QPRC borrows millions, construction runoff pollutes river, council satisfaction — what got tick and what didn’t.
Council to borrow $50 million
Queanbeyan-Palerang Regional Council (QPRC) is seeking approval from the NSW Government to borrow $50.4 million from Treasury, with an estimated interest bill of $22 million.
The loan would be drawn down from January 2019 and repaid in January 2039.
Borrowings are to be used for capital projects the council has already approved:
- $36m – Ellerton Drive Extension (EDE), loan to developers.
- $7.750m – from previous year’s commitments for the indoor sports centre; Braidwood waste transfer station; and land to build a cemetery on Old Cooma Rd.
- $5.4m – local roads renewal program.
- $1m – Burra S bends project.
- $0.250m – South Bungendore drainage.
Googong township developers liable for the EDE loan are requesting repayment five years’ earlier than the original agreement, which the council said could allow the Treasury borrowings to be repaid sooner. The developers are also liable for interest payments on the $36 million loan.
10 year financial plan — water, sewer fees to go up
Council also waved through a 10-year financial plan without public feedback at its November 2018 meeting. The plan envisages increasing water and sewer fees by way of introducing a ‘dividend’ from these funds which are not captured by the post-merger rates freeze to September 2020.
‘Revised user charges’ were also mentioned — which means these will go up, too, but by how much is unknown. A special rate variation should not be needed under the option QPRC endorsed, according to the staff report to council.
Cr Peter Marshall (Greens) attempted unsuccessfully to have the plan released for public comment, as the staff report stated was required. He and Cr Pete Harrison voted against the proposed long-term financial plan and sending it to the NSW Government to consider.
Queanbeyan River suffers a mud event
A major rain event in mid-December 2018 brought heavy downfalls to the capital district. While agricultural producers and gardeners welcomed the rain, it caused problems for the Queanbeyan River and its wildlife. Water turned the colour of coffee as the river filled with silt.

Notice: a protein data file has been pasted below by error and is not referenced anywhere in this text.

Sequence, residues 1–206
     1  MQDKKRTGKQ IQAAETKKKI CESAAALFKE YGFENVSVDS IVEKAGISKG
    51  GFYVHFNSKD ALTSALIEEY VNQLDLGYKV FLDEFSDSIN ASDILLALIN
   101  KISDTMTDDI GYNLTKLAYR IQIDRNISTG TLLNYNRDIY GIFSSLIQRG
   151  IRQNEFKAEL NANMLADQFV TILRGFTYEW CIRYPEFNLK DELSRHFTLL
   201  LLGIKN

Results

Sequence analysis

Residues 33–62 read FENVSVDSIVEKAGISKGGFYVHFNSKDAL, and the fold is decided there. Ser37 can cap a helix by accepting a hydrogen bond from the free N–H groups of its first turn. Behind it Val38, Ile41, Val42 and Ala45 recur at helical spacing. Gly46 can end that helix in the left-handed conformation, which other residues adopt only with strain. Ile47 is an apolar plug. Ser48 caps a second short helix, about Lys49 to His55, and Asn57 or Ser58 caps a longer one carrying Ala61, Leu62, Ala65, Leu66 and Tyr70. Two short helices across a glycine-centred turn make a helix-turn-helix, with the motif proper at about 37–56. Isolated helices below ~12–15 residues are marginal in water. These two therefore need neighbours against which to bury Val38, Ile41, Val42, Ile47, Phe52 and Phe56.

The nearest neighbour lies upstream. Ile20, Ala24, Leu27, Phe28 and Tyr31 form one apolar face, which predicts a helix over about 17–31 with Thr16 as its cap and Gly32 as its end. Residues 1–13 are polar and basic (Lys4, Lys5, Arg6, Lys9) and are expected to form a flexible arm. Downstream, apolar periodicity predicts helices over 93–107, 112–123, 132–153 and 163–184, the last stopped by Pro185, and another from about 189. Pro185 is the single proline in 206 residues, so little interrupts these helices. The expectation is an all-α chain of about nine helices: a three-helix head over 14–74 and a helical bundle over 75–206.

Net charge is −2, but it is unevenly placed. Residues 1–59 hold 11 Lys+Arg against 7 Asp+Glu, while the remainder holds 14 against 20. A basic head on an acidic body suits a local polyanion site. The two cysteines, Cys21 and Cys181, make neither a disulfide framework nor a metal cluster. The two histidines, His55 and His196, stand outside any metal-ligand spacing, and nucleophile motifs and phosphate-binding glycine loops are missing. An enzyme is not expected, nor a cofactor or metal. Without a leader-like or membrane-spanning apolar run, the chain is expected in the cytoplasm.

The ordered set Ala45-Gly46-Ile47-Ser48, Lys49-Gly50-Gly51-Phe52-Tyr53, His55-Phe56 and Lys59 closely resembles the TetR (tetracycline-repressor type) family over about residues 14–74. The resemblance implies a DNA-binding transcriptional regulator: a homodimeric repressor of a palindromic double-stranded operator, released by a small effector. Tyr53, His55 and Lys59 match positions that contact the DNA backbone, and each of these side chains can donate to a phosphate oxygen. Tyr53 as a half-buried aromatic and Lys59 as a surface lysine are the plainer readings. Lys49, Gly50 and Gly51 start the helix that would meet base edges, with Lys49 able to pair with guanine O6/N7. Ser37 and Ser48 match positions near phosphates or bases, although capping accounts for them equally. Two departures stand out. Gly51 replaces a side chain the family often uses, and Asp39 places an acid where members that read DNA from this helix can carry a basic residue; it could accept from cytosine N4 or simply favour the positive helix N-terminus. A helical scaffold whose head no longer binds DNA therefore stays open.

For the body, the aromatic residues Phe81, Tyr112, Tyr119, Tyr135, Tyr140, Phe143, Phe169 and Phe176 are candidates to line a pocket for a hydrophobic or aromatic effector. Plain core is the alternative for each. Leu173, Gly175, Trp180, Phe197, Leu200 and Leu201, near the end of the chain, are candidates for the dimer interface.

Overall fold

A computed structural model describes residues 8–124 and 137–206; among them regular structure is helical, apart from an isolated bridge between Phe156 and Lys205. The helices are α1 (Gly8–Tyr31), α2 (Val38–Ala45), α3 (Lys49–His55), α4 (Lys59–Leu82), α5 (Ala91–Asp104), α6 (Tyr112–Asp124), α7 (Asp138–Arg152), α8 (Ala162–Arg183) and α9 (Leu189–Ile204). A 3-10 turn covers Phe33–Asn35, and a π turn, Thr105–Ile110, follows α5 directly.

Residents reported seeing mud flow off the Ellerton Drive Extension (EDE) construction zone into the River on Friday, December 14. A complaint to the Environment Protection Agency’s pollution hotline elicited the terse response that there would be no consequences for the construction company or the contract manager, Roads and Maritime Services (RMS).
Apparently, whoever assessed the scale of retention basins for the construction zone didn’t anticipate such a heavy downpour — even though they are becoming increasingly common as climate change bites.
This means the builders and RMS are in the clear; no licence breach; no consequences, except for the wildlife that relies on the river.
Residents who monitor water quality further upstream also reported run-off from Googong township where building continues apace.
It’s yet to be seen how, or whether, QPRC will respond to both causes of the poor water quality.
New admin building hits speed bump
It appears the contractor hired to demolish QPRC’s old administration building in Queanbeyan has had trouble completing the job. Work was originally expected to be completed by the end of December 2018.
In a confidential item at the November 28 meeting, QPRC resolved to hire another contractor “as quickly as possible”. The cause of the work stoppage is unknown but the project is already behind schedule owing to the delays in pursuing and them dumping plans for a new HQ behind the Queanbeyan theatre.
There was no information about when the demolition might be completed.
Community views sought on establishing tool libraries
Would you borrow tools from a public library in the way you borrow books, CDs, DVDs and toys? QPRC wants to know.
Tool libraries have been operating in Australia for more than a decade, well before the current development of the ‘sharing economy’. They allow people to borrow items they might only use occasionally rather than having to outlay money (in some cases large sums) to have tools sitting idle most of the time at home.
The idea of tool libraries for Queanbeyan-Palerang emerged from the city’s Environment and Sustainability Advisory Committee. Staff will prepare a report to council following the consultation.
Council satisfaction survey – the good and not so good
QPRC is pretty chuffed about the results of its most recent annual customer satisfaction survey conducted by Jetty Research. Mayor Tim Overall was spruiking the endorsement of 56 percent of the 600 people questioned in the first post-merger survey, conducted in September 2018.
Council’s strengths were seen as bridges, clean public spaces; parks, reserves and playgrounds; waste and recycling; and water supply and sewage treatment.
People were less impressed about the council’s provision of community services, protecting and monitoring the health of the local environmental, and sealed roads.
Council voted at its November 28 meeting to change the way the survey is conducted in future.